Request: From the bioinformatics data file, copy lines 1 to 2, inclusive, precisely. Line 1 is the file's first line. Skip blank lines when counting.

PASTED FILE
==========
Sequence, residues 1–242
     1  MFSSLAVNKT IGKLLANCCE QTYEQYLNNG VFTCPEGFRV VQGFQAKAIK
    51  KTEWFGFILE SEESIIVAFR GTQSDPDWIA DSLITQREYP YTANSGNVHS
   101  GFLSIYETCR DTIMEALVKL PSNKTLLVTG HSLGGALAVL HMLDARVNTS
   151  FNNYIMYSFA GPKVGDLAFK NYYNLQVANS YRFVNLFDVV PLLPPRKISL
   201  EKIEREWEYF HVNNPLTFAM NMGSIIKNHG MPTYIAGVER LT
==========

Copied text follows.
Sequence, residues 1–242
     1  MFSSLAVNKT IGKLLANCCE QTYEQYLNNG VFTCPEGFRV VQGFQAKAIK